Leisure activities participation tied to decline in prodromal phase of dementia
An 18 years follow-up study suggests that Participation in leisure activities declines in the prodromal phase of dementia. However, the researchers found no robust evidence for a protective association between leisure activity participation and dementia. The study details were published in the Neurology journal on October 28, 2020.
Participation in leisure activities has benefits for general health and well-being. Given the increasing numbers of people with dementia, there is considerable interest in, effective approaches for its prevention. Five of 7 studies in a recent systematic review reported that frequent participation in leisure activities is associated with the lower risk of subsequent dementia, suggesting that involvement in such activities may confer cognitive benefit. Studies with long follow-ups are needed to address bias due to reverse association, whereby the observed association may be due to the dementia prodrome, which is characterized by reduced leisure activity in the years preceding dementia diagnosis. For this purpose, researchers evaluated the association between leisure activity participation and risk of dementia in a large longitudinal study over an average 18-year follow-up.
It was a retrospective study of the Whitehall II cohort study. Researchers included 8,280 people participated in 1997–1999, 2002–2004, or 2007–2009, of whom 360 had developed dementia and 1,111 died by March 31, 2017. Researchers analyzed the comprehensive questionnaire of participants which was repeated every 5 years. Data on leisure activity participation were first collected during the 1997–1999 study wave, which therefore serves as a baseline for the current study, and repeated in the 2002–2004 and 2007–2009 waves; researchers included all Whitehall II participants who took part in at least one of these waves. The mean age at dementia diagnosis was 76.2 years, 69% of participants were male, 91% were White, and mean age at the start of follow-up (1997–1999) was 55.8 years.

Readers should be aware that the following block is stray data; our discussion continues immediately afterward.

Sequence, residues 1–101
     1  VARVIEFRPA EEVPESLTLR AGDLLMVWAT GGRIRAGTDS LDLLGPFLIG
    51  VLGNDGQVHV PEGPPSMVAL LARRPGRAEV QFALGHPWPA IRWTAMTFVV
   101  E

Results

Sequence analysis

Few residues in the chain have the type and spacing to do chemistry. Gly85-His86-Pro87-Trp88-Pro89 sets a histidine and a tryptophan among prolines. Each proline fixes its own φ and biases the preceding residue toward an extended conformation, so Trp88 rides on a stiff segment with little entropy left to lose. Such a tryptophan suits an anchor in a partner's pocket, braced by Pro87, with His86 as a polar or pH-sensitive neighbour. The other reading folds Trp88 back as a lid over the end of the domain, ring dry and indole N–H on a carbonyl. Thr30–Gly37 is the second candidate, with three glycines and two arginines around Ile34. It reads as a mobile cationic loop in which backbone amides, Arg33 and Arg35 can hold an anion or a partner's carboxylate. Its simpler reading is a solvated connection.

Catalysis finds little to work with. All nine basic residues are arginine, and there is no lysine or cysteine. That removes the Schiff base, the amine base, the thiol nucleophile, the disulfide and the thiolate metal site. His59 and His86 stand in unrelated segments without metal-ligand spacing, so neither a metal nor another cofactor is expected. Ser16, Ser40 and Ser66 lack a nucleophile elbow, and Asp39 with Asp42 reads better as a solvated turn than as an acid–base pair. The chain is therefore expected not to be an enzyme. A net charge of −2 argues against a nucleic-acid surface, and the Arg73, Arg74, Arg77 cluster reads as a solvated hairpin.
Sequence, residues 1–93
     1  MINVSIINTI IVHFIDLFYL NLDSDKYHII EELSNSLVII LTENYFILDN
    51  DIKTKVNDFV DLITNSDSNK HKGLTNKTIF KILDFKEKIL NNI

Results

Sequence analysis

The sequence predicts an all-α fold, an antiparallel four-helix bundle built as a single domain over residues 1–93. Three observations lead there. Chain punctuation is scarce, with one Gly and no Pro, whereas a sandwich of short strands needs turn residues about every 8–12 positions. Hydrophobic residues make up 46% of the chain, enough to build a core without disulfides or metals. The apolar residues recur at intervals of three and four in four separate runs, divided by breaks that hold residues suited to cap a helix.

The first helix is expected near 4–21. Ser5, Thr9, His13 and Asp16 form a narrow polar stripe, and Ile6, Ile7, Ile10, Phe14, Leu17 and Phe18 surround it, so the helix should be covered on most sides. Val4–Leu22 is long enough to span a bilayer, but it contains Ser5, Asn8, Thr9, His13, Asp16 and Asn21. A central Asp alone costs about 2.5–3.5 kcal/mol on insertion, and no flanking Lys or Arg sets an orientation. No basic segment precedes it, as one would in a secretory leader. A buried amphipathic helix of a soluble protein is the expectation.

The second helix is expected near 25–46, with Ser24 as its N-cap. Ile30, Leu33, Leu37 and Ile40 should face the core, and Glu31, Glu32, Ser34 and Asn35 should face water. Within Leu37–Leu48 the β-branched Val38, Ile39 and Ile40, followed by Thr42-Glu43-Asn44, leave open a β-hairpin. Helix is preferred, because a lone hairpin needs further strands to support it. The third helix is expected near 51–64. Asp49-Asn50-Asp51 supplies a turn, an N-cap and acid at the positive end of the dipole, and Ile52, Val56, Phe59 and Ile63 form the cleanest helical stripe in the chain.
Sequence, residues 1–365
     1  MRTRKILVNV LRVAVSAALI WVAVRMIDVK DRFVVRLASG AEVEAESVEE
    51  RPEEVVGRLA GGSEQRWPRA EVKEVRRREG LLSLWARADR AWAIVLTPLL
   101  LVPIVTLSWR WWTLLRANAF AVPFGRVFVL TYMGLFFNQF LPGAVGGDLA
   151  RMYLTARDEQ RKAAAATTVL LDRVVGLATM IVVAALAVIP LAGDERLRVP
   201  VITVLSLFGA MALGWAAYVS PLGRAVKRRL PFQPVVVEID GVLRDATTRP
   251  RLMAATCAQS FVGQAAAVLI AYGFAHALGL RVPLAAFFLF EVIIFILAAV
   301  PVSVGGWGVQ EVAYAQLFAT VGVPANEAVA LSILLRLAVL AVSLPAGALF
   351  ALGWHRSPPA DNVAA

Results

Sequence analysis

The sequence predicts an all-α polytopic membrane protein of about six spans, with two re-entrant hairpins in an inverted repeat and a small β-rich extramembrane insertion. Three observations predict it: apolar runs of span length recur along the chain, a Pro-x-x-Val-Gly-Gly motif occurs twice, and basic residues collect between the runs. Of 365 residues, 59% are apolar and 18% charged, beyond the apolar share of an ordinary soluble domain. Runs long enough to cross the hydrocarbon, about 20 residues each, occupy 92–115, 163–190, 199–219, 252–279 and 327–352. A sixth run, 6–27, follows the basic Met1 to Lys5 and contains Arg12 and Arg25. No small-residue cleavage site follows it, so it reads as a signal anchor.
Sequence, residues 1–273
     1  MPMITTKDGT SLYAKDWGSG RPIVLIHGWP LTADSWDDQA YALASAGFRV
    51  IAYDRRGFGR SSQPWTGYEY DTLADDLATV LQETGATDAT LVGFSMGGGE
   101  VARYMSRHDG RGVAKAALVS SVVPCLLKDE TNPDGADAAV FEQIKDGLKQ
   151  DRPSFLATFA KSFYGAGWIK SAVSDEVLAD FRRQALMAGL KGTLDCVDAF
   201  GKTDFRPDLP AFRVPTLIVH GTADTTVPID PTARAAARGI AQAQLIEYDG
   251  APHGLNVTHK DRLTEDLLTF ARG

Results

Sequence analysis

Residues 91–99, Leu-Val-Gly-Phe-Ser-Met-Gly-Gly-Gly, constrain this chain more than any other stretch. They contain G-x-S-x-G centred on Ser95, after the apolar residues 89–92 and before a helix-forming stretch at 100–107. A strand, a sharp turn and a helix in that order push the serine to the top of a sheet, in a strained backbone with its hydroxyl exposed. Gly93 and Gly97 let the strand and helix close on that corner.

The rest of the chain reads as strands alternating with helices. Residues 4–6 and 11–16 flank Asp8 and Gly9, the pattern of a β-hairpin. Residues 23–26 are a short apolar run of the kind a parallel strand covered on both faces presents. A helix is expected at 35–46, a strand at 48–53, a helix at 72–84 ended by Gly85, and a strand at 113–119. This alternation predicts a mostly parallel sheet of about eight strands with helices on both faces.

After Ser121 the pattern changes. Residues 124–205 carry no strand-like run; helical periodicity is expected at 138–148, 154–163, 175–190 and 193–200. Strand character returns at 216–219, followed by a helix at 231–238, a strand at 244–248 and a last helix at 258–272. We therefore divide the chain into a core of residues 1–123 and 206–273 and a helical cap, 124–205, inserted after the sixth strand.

Upon analysis the researchers found, participation in leisure activities at mean age 55.8 (1997-1999 assessment), with 18.0-year follow-up, was not associated with dementia (hazard ratio [HR] 0.92. However, participation in leisure activities at mean age 65.7 (2007-2009 assessment) was less likely to develop dementia (HR 0.82). They also found the decline in participation between 1997-1999 and 2007-2009 was associated with subsequent dementia risk. They didn't found any specific type of leisure activity that was consistently associated with dementia risk.
The authors concluded, "Our findings suggest that participation in leisure activities declines in the preclinical phase of dementia; there was no robust evidence for a protective association between leisure activity participation and dementia".
"Future research should investigate the socio-behavioral, cognitive, and neurobiological drivers of decline in leisure activity participation to determine potential approaches to improving social participation of those developing dementia" the authors further added.
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